TEXT OF COMMENTARY
KAI RYSSDAL: The Creation Museum opens on Memorial Day in Petersburg, Ky. It might resemble other natural history museums you’ve seen, but there’s a significant difference. Financed by private donations, the displays are predicated on a belief in creationism. Admission’s about 20 bucks for adults, 15 for seniors, 10 for kids. But commentator and physicist Lawrence Krauss says it doesn’t make sense to pay to see bad science.
LAWRENCE KRAUSS: How much money and glitz does it take to institutionalize a scientific lie? In the case of the Creation Museum, about $27 million worth.
The reason for this museum is quite simple: The historical record in Genesis must literally be true. Since this is incompatible with essentially all of modern scientific knowledge, therefore modern scientific knowledge must be incorrect.
But if you want to renounce modern science as flawed, then an intellectually honest approach would be to also renounce technologies such as airplanes, cars and even radios that work using precisely the same scientific principles that tell us the earth is well over 6,000 years old.
But that’s not the approach the Creation Museum takes. It renounces knowledge, but has spent lavishly on creating the illusion of science.
So, they’ve created a museum that appears scientific, but that simply lies about the science instead.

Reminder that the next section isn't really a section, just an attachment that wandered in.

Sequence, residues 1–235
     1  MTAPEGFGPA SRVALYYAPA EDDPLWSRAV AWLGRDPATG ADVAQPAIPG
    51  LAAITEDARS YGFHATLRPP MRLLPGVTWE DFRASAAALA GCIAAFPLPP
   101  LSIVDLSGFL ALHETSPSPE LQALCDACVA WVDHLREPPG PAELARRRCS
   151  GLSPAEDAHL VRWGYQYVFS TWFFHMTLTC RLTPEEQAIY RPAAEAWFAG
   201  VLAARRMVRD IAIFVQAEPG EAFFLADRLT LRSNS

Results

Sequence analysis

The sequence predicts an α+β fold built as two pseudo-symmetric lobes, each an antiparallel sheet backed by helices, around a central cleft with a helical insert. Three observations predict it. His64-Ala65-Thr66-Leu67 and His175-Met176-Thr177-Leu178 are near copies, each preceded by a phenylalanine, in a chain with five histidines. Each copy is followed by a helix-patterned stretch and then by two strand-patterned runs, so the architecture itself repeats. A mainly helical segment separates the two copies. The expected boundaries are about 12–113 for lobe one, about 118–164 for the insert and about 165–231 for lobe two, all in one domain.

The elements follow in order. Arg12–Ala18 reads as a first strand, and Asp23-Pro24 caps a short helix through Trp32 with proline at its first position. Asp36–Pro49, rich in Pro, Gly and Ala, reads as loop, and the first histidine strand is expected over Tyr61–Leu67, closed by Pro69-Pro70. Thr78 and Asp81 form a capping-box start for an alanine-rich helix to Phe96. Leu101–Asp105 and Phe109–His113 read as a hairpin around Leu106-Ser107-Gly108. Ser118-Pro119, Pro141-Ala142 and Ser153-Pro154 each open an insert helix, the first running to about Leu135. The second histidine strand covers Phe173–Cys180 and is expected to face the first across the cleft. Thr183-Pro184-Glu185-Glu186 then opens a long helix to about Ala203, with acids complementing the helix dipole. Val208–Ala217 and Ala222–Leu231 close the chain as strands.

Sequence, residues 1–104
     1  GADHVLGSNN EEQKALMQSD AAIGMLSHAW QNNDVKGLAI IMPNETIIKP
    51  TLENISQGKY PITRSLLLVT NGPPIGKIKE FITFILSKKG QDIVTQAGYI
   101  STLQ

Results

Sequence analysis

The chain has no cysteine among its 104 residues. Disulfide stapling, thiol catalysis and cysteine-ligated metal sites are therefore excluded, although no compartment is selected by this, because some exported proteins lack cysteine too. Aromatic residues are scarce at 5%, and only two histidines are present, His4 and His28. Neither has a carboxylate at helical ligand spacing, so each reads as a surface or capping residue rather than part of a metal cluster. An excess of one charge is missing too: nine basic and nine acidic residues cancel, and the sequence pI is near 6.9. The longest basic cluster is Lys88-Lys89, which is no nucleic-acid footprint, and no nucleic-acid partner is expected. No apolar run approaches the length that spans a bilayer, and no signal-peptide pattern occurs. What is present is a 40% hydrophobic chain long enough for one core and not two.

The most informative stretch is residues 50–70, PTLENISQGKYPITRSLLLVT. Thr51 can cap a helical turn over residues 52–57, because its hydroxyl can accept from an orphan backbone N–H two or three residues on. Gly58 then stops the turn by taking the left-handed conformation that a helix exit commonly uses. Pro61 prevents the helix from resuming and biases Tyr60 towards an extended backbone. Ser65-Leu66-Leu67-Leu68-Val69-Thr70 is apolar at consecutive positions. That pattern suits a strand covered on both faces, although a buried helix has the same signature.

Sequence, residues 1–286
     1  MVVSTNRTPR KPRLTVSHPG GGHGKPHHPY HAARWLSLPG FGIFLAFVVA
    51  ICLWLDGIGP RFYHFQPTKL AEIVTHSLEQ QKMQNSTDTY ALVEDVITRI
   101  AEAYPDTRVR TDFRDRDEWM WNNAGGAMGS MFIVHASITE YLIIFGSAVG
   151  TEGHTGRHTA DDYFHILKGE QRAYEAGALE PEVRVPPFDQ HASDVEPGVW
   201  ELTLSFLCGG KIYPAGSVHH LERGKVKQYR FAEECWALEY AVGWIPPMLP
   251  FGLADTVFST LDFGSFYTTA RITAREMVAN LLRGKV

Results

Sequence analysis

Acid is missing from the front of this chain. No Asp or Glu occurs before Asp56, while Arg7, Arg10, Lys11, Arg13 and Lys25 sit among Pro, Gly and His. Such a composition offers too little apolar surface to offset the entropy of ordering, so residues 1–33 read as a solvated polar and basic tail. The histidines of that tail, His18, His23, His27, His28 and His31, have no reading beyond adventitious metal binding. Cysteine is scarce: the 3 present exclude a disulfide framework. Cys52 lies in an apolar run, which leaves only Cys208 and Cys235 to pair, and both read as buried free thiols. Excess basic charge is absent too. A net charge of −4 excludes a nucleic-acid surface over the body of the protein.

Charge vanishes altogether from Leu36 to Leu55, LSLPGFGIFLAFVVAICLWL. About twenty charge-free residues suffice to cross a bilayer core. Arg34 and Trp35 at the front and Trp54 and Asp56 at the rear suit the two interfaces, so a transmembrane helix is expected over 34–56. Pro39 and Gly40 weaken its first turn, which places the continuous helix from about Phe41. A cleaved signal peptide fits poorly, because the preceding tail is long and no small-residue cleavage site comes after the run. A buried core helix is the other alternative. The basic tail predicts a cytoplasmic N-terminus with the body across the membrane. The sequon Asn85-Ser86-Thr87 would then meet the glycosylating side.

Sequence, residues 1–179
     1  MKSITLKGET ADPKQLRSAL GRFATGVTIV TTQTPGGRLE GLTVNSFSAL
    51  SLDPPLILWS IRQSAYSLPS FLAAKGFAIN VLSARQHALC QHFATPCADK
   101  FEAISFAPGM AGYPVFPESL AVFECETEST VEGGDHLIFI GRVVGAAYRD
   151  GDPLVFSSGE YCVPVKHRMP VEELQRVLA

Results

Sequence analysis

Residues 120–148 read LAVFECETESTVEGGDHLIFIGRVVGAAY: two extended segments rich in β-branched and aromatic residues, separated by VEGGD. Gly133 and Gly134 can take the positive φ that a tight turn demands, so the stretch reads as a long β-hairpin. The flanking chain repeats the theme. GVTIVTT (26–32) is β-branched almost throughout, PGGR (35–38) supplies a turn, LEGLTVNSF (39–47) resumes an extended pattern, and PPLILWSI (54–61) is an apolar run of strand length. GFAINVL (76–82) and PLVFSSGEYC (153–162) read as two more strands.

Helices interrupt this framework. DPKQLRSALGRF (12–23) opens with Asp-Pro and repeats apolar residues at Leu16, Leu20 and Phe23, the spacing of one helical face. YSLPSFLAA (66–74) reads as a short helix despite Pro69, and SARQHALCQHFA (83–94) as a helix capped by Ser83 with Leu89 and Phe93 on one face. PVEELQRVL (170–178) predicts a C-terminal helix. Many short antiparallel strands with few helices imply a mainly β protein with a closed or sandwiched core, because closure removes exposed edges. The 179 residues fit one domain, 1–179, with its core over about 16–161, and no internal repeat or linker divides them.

The Creation Museum uses dazzling and expensive animatronic displays made possible by hard-won advances in science to suggest the viability of a literal interpretation of Genesis.
That includes a six-day creation of the Earth, a 6,000-year-old universe, and a world where dinosaurs and humans happily roamed together. All of these are inconsistent with everything science tells us about the natural world.
Alas, such scientific fraud is not subject to legal intervention unless there is a financially injured party.
But what of the intellectual injury to thousands of young children who might visit the museum — built to be within a day’s drive of two-thirds of the U.S. population — and who come out confused about science, the very thing that can give them a competitive edge in the modern world.
Religion doesn’t have to be bad science. And, similarly, bad science shouldn’t be defended simply because it might have a religious basis.
While religious tolerance is important, there should be little tolerance for promoting or consuming such religiously motivated scientific fraud.
RYSSDAL: Lawrence Krauss is a professor of physics at Case Western Reserve University.
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